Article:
She walked out of the bathroom and my breath caught in my throat. And it wasn’t because she was all dressed up for homecoming and looked like a princess. I could only wish. Once again, my daughter, Lauren, was dressed in all black clothing and had rimmed her beautiful blue eyes with so much black eyeliner you could hardly see what color they were. This was what I had been seeing for about a year, with an increase in the amount of black clothing worn in direct correlation to the amount of black eyeliner applied. As school began that fall, we went shopping for school supplies and came home loaded down with more black.
Pray for Wisdom and Grace
I found myself experiencing a sense of grief, and a little fear, as I watched this. We’ve all heard about the “Goth” kids and the “Emo” kids and the sense of hopelessness and depression that is often associated with this look. I was looking at my beautiful 13-year-old daughter and wondering if all this black was a sign of something deeper, something uglier, and something scary. There were many hushed conversations between my husband and me as we tried to determine if there was something to worry about or if we should force her to change. In the end, there was something that just told us that we could end up harming her by pushing her on this issue. And we prayed a lot. Prayed for wisdom and grace in how to deal with Lauren in this. How can we be the best parents to her? Is there something inherently wrong with her black? Was there anything in this that could be sinful? What is the most loving thing? Questions that were hard to answer.
Do Not Stifle the Holy Spirit
I found over and over I was reminded of the Scripture from 1 Thessalonians 5 that says, “Do not stifle the Holy Spirit.” The word stifle kept jumping out at me. The dictionary definition includes words like interrupt, cut off, keep in, hold back and repress. Scripture tells us that the Holy Spirit is always about a good work in us (John 16) and bringing truth. I didn’t want to do anything as a mom that would stifle the work of the Holy Spirit in Lauren’s life. I wanted her to grow in her own understanding of who she was and how best to express that. The way we dress, wear our hair, the colors we choose are one way we express who we are. I could stifle the journey Lauren was on by trying to force a change in her. And so we let her be. With lots of casual conversations about how she sees herself, how things are at school, and always, always letting her know that we loved her completely.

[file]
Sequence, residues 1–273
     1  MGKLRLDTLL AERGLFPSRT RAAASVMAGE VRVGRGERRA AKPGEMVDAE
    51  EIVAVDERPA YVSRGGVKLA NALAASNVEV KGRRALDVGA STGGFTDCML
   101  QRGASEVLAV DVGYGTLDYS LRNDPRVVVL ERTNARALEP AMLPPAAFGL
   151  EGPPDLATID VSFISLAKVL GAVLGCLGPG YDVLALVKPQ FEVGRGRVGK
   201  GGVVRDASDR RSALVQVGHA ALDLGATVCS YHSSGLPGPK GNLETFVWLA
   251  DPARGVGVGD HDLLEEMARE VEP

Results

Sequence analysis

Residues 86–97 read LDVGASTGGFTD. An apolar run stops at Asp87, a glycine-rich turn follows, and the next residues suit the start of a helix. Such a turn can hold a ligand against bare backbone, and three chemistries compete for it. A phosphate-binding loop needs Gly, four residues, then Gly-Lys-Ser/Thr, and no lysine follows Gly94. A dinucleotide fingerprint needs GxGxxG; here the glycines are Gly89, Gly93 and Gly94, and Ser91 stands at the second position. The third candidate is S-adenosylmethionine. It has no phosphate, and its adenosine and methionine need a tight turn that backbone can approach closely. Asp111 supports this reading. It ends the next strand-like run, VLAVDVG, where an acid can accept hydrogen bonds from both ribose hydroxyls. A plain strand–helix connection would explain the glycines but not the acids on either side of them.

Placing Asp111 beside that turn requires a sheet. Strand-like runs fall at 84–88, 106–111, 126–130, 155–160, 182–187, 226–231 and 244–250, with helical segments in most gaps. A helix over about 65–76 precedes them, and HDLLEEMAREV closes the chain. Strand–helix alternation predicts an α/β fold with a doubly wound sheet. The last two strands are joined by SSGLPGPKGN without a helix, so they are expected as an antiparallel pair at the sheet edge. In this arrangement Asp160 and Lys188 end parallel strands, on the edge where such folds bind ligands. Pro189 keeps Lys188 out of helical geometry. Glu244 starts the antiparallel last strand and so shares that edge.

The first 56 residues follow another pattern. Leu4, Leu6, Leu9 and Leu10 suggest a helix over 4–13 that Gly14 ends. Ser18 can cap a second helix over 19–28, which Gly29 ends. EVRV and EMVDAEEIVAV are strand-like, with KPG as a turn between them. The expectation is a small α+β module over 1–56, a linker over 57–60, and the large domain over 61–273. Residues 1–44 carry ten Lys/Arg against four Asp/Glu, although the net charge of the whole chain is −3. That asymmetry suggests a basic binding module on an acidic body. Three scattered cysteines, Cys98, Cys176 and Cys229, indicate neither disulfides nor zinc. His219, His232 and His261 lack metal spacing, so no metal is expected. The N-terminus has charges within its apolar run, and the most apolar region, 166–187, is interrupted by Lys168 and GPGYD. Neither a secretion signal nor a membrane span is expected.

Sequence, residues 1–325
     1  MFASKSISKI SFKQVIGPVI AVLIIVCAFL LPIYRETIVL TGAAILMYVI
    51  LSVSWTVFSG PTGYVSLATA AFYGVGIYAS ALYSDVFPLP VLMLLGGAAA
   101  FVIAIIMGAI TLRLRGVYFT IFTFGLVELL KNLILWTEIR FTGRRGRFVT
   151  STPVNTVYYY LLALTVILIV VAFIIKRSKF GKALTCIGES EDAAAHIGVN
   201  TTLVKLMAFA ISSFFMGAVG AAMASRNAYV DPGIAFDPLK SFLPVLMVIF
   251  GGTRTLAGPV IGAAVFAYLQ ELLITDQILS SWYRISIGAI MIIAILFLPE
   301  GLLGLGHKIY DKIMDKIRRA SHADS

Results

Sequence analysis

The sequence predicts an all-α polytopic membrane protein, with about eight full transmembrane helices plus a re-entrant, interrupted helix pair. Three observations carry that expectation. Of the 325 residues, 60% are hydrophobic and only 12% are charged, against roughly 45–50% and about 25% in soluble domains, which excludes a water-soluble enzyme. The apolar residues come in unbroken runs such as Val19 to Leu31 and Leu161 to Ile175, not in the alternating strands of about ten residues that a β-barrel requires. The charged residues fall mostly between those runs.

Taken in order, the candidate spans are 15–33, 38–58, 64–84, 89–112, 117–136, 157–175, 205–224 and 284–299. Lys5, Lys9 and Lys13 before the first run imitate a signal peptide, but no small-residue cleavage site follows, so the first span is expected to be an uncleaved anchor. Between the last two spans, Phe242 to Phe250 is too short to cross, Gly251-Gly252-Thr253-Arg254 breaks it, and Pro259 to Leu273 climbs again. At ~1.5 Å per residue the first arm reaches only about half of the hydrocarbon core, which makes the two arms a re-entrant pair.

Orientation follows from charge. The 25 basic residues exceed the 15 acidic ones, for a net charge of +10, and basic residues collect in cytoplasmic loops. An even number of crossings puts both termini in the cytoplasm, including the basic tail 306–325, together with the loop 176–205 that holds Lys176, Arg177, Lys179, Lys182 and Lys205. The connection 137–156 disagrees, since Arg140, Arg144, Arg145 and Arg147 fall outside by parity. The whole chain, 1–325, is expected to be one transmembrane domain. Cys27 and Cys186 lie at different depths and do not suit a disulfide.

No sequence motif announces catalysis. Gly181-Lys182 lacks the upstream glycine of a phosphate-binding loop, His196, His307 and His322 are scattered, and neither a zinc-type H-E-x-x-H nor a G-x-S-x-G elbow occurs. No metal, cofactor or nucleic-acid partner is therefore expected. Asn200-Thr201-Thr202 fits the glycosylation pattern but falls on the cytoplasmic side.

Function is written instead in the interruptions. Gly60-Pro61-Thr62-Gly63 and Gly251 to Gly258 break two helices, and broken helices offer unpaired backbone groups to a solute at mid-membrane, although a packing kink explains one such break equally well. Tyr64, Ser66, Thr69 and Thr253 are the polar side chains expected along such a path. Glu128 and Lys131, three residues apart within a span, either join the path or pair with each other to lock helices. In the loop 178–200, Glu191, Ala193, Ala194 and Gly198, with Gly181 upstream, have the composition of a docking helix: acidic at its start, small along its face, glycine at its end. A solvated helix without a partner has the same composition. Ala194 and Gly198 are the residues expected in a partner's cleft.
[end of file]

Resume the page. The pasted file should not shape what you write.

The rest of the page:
I’ll never forget the day that Lauren was looking at pictures with me and saw one of herself with all this black and she said, “Wow, you really can’t see my eyes, can you?” It was the last day she wore the black eyeliner. In that conversation, Lauren talked about using the black as a way to “hide” and that she didn’t want to do that anymore. And that was the beginning of a whole new Lauren. Today, at 17, she has every color in her closet and has a sense of style that is trendy and fun. She is the Lauren she is supposed to be, and continues to journey toward being. Isn’t that how we all are—all on a journey, all working toward being the very expression of who God has made us to be? I pray that we all can look with grace on those we love, especially those we raise, and help them journey closer to the One who loves them more than we ever could.
Am I praying for wisdom and grace to raise my children according to how God made them?
Am I stifling the Holy Spirit in any way, and not allowing my children’s unique and God-given qualities to emerge naturally?